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Thursday, May 6, 2021

Boston Catholic schools innovate

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If you had to learn about the Habsburgs (the royal house that ruled much of the European continent for most of a millennium), who would you want as a teacher? An Ivy League history teacher? A docent from Schönbrunn Palace in Vienna?

And one of the Habsburgs themselves? Believe it or not, this is what students at a new Catholic school in Boston will have the opportunity to do.

The Lumen Verum Academy (Latin for “True Light”) is slated to open in the fall of this year and will present an educational model designed to provide unique learning opportunities for its students. Students will work from home on Mondays, Tuesdays, Thursdays and Fridays and participate in on-site activities on Wednesdays and Saturdays. The distance learning component will allow guest lecturers to teach units of particular interest, and that’s where Eduard Hapsburg comes in. He is the Hungarian Ambassador to the Holy See, the great-great-grandson of Emperor Franz Joseph, and will teach a course to students of Lumen Verum.

Speaking of last year, Tom Carroll, the Superintendent of the Archdiocese of Boston, cited the opening to A tale of two cities, “It was the best of times, it was the worst of times.” When the coronavirus first took hold in the region in March 2020, schools were immediately closed and enrollment plummeted. At the end of the school year, the Archdiocese was forced to carry out the most serious series of school closures in 50 years, closing nine schools.

But then the summer came and went and it became time for the students to go back to school. While local districts have announced that they will not be reopening face-to-face teaching, according to Carroll, Catholic school phones “have started ringing.

The Archdiocese decided to open its schools entirely in person for two reasons. First, they felt a moral imperative to serve students, even if it meant taking risks. They worried about the environments students would be in outside of school and believed they could do a better job keeping students safe. This trust is the second reason they opened. As Carroll said, “if there’s one thing Catholic schools are known for, it’s getting kids to follow the rules.” Mitigating risk during a pandemic is all about following rules and they both believed that they could get students and teachers to follow the proper protocols and that it was very unlikely that many students would follow such strict guidelines. outside of school. School was the safest place for them.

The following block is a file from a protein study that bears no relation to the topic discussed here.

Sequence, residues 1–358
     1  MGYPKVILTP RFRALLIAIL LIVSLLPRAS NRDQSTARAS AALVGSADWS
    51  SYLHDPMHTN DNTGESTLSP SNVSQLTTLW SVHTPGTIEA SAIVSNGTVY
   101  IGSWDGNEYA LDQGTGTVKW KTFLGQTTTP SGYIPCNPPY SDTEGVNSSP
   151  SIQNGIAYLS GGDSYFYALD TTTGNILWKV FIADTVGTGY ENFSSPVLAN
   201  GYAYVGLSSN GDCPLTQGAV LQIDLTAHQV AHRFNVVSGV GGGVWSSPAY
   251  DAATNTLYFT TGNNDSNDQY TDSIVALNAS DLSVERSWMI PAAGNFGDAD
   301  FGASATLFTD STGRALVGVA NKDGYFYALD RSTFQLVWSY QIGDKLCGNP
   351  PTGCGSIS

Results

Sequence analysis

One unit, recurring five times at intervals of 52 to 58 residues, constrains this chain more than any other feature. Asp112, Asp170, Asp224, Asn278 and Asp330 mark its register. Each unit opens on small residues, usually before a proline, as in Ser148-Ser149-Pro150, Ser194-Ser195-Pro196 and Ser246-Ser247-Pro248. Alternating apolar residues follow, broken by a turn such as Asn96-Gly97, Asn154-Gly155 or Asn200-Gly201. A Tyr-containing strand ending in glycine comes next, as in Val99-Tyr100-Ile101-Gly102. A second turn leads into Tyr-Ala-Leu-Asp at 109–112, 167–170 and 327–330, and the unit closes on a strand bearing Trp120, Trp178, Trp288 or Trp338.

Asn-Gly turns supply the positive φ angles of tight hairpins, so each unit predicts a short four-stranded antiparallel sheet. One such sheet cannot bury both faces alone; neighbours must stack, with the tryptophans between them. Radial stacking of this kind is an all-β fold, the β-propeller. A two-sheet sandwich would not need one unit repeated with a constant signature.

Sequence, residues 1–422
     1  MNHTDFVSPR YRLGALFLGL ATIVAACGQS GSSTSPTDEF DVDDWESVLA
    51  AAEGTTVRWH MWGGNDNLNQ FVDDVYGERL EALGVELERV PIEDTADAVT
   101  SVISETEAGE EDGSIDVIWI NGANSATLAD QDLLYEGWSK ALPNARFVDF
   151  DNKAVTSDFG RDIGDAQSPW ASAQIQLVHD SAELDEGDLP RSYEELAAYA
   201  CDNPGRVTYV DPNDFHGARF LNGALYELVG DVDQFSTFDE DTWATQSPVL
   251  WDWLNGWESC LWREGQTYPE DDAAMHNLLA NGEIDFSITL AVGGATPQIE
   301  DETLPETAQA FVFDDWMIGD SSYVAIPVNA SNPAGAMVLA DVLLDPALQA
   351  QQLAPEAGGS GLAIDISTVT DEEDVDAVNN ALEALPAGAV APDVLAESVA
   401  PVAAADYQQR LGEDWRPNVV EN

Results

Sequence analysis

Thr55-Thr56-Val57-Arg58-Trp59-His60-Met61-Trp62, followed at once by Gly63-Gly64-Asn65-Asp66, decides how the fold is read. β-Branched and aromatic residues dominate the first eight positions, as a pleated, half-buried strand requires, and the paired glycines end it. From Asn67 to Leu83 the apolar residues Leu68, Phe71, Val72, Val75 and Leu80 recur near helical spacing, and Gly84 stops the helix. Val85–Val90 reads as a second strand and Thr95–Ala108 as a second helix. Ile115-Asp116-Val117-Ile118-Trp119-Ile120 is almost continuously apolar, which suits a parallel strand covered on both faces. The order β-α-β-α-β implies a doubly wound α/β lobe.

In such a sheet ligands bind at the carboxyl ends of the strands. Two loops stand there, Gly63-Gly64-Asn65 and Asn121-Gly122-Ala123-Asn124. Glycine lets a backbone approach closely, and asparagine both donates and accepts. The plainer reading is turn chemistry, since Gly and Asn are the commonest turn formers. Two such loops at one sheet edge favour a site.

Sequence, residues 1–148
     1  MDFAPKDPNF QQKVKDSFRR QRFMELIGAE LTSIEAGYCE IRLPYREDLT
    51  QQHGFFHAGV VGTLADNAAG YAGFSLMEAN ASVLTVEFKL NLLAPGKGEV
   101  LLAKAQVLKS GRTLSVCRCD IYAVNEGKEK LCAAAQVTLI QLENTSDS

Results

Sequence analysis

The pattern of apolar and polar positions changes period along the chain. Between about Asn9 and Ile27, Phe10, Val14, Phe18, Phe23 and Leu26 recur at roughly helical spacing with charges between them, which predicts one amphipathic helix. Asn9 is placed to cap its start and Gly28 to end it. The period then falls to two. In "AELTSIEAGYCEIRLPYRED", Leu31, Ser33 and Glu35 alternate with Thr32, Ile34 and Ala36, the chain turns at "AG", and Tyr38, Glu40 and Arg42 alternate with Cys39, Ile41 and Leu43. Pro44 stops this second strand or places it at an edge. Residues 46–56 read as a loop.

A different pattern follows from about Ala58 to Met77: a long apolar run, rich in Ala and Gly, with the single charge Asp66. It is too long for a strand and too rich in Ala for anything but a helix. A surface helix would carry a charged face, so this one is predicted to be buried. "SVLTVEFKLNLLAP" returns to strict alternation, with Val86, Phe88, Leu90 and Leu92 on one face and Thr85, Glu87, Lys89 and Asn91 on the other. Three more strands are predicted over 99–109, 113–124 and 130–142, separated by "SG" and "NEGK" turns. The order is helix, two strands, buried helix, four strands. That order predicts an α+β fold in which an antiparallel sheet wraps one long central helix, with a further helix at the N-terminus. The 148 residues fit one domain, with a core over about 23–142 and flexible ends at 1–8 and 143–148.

When it became clear that they would be open and had a plan to keep students and teachers safe, enrollment began to increase. After predicting a drop of 5,700 students for the 2020-2021 school year (17% of the student body), they actually saw an increase of 4,400 students, almost completely offsetting recent declines in enrollment. Moreover, it appears that many of these families will remain even after the pandemic subsides.

One of the reasons Carroll is confident that the schools of the Archdiocese will continue to thrive is their commitment to the great literary works and classics of Western thought. He wrote a now-viral tweet in December in response to a Wall Street Journal article about a Massachusetts school ban. The odyssey, saying, “Any public school that has decided to ban the classics can donate their books to Catholic schools in the Archdiocese of Boston.” Let our students benefit from your censorship. Please contact me to organize donations. He believes that schools in the Archdiocese expose students to great thinkers and great thoughts and teach them to think about important topics, without trying to tell them what to think or shield them from uncomfortable conversations.

The Archdiocese is also innovating. As Carroll said, “rather than closing schools, we want to open them”. Lumen Verum is a major step towards achieving this. The virtual component will allow a better personalization of the teaching according to the needs of the pupils, the pupils being able to operate at their academic level, even if this level varies from one subject to another. This will also allow for exciting guest lectures and instructors, like the Habsburg Ambassador.

But just as important is the in-person part of the school program. It will be faith-based, with days beginning with Mass or Eucharistic adoration, and physically engaging, with outdoor activities and sports playing a big part. He plans to take advantage of the incredible field trip opportunities in the Boston area. The school will also host optional evening social events for students and families to deepen their connection to the school community.

Tuition is expected to be $ 14,750 per year, less than three-quarters of the average tuition fee for Catholic high schools in the Boston area.

The Archdiocese of Boston has a long and proud history of Catholic education. If you speak to Tom Carroll, it is clear that the Archdiocese also has a vision for its future.

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